Often times friends will tweet about how Metro disappoints them. Admittedly, delays, track work and lack of funding are… problematic… but I’ve always tried to look at the Metro through eyes of faith! It’s a fascinating petri dish of human interactions where one can see so much human drama and divine inspiration at work. Three things I saw on the Blue Line this weekend inspired me:
1) A young man, perhaps an intern boarded the train. Shirt tails untucked, hair bedraggled, his backpack clung for dear life to the crushed shoulder of his blue blazer. This young man was DONE for the day. At the next stop, two women, one of them pregnant boarded. They were laughing, carrying on about something in the way colleagues do after work… the exact opposite of our disheveled intern. And yet… in the midst of the crowd, this young fellow got up and sacrificed his seat for the pregnant woman. He stood clinging to the overhead bar (another type of petri dish characteristic of Metro) for another five stops! Young sir, I salute you. (PS: this was at the other end of the car from me or I would’ve offered my own seat, of course)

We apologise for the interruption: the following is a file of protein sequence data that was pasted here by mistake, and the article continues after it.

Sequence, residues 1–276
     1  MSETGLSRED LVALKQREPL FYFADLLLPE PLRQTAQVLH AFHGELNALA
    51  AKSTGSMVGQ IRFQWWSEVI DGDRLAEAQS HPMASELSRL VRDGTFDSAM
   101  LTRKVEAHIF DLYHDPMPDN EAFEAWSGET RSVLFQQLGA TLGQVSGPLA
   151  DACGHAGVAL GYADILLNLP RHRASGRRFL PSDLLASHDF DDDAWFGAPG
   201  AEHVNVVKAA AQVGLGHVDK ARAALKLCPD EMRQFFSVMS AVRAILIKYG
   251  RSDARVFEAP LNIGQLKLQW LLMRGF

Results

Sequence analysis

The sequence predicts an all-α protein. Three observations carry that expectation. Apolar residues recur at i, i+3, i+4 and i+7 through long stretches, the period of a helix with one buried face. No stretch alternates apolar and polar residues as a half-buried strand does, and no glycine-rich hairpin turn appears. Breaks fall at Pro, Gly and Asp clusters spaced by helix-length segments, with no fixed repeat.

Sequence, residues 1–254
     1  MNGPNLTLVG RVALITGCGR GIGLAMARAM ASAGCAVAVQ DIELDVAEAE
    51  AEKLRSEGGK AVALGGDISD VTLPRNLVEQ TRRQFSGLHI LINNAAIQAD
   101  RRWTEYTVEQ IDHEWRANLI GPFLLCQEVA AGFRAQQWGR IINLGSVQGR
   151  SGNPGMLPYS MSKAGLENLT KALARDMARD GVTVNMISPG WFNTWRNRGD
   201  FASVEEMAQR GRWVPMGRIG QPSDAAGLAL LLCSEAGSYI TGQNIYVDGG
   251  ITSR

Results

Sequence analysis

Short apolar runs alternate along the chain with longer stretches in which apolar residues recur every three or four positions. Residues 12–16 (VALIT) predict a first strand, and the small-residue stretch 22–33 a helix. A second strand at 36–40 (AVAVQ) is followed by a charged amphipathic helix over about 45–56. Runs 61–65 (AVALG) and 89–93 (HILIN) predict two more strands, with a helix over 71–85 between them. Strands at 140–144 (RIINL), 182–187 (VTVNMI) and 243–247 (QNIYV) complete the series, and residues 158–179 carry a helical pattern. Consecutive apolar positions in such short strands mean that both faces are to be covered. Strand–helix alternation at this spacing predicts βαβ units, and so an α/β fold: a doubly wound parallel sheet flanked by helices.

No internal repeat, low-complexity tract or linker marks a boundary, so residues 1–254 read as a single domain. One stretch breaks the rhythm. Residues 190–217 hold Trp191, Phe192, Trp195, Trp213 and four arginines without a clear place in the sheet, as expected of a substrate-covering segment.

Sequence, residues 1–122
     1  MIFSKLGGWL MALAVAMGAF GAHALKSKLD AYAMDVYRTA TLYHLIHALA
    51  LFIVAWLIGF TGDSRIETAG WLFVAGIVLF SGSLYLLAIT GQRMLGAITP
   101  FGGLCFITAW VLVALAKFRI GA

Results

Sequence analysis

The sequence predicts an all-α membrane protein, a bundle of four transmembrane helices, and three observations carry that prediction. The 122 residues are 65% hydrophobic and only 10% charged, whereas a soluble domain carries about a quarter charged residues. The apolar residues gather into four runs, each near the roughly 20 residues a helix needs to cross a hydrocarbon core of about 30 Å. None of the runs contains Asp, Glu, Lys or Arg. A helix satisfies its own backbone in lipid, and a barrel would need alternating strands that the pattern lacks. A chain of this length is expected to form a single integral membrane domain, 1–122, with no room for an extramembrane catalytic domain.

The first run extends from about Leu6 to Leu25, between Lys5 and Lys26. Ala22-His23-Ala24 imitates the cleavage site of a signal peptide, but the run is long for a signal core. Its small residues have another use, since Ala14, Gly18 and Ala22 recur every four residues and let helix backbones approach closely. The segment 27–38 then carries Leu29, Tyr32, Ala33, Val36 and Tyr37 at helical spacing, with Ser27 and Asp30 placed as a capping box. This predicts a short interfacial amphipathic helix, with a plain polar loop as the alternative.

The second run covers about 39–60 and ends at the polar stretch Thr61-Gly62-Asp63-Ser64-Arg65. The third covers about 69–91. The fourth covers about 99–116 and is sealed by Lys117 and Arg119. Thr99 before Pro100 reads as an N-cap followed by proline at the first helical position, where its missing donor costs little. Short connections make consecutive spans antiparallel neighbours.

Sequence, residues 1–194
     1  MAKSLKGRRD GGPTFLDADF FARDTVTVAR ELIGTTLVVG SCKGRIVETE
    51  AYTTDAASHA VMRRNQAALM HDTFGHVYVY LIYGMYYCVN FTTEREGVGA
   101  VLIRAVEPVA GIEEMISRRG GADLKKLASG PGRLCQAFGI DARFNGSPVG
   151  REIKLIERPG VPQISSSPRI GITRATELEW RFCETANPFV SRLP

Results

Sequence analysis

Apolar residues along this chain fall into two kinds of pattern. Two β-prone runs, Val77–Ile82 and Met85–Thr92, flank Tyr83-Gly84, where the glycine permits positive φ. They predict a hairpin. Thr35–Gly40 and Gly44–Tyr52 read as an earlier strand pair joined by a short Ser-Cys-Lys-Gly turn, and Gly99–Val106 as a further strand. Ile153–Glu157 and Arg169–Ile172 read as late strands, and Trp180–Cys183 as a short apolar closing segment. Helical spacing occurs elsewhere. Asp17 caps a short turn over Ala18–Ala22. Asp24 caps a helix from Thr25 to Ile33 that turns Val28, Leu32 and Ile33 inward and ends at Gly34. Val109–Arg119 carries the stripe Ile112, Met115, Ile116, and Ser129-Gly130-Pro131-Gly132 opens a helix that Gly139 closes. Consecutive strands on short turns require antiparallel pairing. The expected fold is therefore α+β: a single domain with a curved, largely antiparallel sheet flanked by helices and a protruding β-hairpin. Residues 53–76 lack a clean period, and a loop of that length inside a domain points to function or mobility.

2) A gentleman boarded the same train… seemingly coming from his workout routine. Now, had this been me, I probably would’ve passed out drooling then and there, but not this man. He sat down and pulled a book from his back pack. It wasn’t a soft cover novel. It was clearly something heavy… study for work or graduate courses maybe. The man dove into his work with gusto making margin notes as he read… and whenever he looked up his eyes were curious, clearly scanning the faces of his fellow commuters. Catholic author Matthew Kelly says he can tell if a business will succeed if he sees employees constantly taking notes, developing ideas they get on the fly… I saw something of that in this gentleman’s discipline and constant engagement with his surroundings. Most inspiring.
3) Last and best of all, a family of tourists boarded the train at the Smithsonian stop: a mother, father and their toddler. The little girl begged for and received a piece of fruit. Before gnashing on her snack, she pulled a quality control sticker from the skin of her apple. Her father explained that the sticker mean the fruit was “approved” for eating… at which point the girl pushed the sticker on her dad’s forehead, hugged him and said, “I approve YOU.” Cute as this was, my inspiration came from the father, who dutifully left the sticker on his brow while his daughter ate her apple. He never flinched, continued conversing with his wife and smiling benevolently at his littler girl. Love doesn’t care about appearances… Love parses out the meaning of real dignity from superficial honor. Bravo sir!
Just three things I saw on metro.